Hidalgo starts with planet Earth as a "pocket" of evolving information, sheltered from entropy by the daily shower of free photons from the Sun, and how living species developed the technology of photosynthesis to capture and store this energy. These fundamental processes leading to the explosion of life forms and increasing complexity, knowledge and know-how are the basis of human societies and economic development stored in today's multiplicity of ordered systems and structures. This essentially biological and physical view of economic growth demolishes standard economic theory's "factors of production": land, labor and capital. As I pointed out in Politics of the Solar Age (1981), Nobelist chemist Frederick Soddy tried to correct economists in his 1921 paper before Britain's Royal Society that energy was fundamental to all three of these factors and to human social evolution. Using the example of the steam engine, Soddy pointed out that it was driven neither by land, capital, technology or labor but by the coal: "past sunlight stored by plants." (via email, from seeking alpha, august 2015)
"Karatani’s analysis of the four types of exchange is one I largely agree with; but I disagree with his suggestion of how Form C: Capitalist Commodity Exchange, will be superseded. He says it will be superseded by a World Republic, an ever-enlarging and all encompassing United Nations, with all it’s organizations and functions: World Bank, IMF, UN Peacekeeping, World Health Organization, etc. that will take over the functions of the State and Nation, and regulate the commodity exchange economy
But I disagree; I think it will be superseded by the global exchange of information, in a sharing economy that fills the definition of Form D: a Supra-Reciprocal exchange. Karatani said that Form D re-institutes Form A, Reciprocal exchange, at a “higher register”, one that goes beyond household, tribe, band, church.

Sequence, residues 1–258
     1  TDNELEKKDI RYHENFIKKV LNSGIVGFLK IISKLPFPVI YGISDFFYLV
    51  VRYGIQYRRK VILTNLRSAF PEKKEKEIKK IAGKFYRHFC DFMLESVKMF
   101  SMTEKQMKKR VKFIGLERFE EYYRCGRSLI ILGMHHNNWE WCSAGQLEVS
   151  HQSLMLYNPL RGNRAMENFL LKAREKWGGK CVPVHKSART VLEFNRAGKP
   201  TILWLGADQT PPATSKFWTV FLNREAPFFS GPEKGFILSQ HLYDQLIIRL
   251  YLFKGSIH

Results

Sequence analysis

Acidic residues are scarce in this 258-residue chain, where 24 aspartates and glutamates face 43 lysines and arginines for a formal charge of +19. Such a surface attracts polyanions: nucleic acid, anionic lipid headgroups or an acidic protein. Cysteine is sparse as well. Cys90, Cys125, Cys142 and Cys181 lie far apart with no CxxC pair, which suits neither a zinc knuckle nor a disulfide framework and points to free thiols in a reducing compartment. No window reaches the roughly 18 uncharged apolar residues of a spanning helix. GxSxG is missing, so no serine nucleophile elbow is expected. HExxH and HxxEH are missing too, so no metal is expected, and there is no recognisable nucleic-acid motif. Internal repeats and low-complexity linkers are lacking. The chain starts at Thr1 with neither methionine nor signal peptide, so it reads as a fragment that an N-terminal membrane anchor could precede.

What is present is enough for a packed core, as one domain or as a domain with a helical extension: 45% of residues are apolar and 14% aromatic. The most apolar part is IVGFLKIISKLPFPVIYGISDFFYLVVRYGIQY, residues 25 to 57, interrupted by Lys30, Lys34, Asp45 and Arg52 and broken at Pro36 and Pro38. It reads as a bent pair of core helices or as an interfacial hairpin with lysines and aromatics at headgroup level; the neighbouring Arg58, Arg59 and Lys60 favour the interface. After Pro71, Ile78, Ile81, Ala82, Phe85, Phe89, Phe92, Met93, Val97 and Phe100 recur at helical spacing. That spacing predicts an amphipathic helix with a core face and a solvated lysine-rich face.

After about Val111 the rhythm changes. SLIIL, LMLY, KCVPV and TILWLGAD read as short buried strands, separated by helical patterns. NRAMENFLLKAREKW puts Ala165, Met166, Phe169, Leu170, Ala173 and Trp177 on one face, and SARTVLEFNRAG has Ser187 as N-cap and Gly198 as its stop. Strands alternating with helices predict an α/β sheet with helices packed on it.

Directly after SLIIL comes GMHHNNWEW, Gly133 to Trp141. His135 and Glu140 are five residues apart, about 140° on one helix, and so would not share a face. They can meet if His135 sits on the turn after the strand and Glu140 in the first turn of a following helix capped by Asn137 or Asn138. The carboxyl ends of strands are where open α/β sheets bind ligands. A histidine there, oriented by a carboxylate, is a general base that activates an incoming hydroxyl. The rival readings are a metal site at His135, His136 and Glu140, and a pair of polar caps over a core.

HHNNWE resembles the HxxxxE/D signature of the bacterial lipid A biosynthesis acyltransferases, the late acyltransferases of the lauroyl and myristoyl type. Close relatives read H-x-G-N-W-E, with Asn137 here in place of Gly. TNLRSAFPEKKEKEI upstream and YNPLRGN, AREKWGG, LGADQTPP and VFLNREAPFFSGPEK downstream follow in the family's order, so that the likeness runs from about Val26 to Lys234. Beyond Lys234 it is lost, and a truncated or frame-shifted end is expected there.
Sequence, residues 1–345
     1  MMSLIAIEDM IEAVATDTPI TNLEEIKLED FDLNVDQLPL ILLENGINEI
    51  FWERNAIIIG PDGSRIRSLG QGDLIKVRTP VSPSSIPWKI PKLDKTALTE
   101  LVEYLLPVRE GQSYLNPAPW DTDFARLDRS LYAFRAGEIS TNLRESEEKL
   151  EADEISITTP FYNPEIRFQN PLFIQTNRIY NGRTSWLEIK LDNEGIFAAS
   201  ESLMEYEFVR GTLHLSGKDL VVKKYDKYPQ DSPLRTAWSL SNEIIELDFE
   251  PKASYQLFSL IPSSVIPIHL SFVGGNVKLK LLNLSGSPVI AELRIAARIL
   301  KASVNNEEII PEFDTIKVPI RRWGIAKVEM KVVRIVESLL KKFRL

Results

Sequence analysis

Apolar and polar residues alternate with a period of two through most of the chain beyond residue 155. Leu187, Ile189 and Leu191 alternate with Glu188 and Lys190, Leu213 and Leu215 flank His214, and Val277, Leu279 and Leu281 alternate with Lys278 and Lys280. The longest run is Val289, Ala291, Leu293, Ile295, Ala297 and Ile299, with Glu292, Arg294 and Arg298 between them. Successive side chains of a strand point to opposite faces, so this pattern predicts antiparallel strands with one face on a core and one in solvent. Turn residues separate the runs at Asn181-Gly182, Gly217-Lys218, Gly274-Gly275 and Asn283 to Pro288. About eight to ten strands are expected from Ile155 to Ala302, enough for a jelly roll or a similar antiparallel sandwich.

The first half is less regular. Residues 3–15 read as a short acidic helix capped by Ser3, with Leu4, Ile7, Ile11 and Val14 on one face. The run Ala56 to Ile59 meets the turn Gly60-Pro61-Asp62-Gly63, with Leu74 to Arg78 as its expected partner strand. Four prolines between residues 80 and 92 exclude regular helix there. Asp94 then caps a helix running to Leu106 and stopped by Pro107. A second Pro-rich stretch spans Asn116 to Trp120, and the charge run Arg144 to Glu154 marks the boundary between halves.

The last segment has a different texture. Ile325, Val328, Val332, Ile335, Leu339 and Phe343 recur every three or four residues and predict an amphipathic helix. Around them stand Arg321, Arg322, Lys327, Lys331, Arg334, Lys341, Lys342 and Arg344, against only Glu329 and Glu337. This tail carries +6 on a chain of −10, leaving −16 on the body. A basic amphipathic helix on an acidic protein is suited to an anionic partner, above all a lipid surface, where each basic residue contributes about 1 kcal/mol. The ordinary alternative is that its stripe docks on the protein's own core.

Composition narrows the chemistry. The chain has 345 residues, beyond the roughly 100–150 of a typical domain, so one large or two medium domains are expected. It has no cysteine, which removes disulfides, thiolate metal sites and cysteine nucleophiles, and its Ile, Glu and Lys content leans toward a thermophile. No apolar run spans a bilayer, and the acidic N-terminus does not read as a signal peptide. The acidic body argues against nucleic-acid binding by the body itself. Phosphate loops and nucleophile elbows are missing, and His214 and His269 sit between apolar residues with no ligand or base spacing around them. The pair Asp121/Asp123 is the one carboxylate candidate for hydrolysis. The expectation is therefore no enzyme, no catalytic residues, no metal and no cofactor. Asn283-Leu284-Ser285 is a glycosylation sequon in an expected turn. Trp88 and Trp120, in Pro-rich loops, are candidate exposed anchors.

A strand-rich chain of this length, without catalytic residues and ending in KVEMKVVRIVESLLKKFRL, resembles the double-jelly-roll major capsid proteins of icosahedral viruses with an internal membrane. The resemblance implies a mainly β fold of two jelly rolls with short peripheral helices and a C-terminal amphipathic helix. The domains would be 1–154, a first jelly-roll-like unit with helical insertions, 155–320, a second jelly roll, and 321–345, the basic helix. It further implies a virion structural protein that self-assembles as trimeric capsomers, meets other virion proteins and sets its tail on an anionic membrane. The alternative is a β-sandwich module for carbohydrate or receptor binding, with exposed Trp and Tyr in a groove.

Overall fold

Information is continuing to grow at exponential rates. Cesar Hidalgo’s explanation of the growth of information (Why Information Grows, 2015) shows that the planet acts like a giant computer that stores and processes information. He says the “hard drive” of the planet is nearly empty. There is so much more space in which information can grow. Furthermore, complex civilizations, like the one we are currently in, are giant computers that can process vast amounts of information, exponentially more than we do already. Hidalgo says that we have barely begun to exploit our potential for processing and growing information.
The growth of information continues exponentially until it exceeds the social processes (institutions) and technological structures (machines) that produced it. The growth of information within a social system is equivalent to the growth of energy within a system. When the energy of a system increases, it shifts the form of the system into a new, more complex state. The attractor (organizational form) of the current social system will shift from money and commodity exchange to information and the sharing exchange. A commodity is scarce, costly to produce, only available at certain places and times. Information cannot function as a commodity because it continuously increases and is ubiquitous, and is therefore abundant, not scarce. The exponential growth of information will disrupt all our current social structures that are based on scarcity and commodity exchange, including Karatani’s Capital-State-Nation." (https://engagedbuddhism.net/2015/08/14/trust-and-the-sharing-exchange-a-buddhist-response-to-kojin-karatanis-modes-of-exchange/)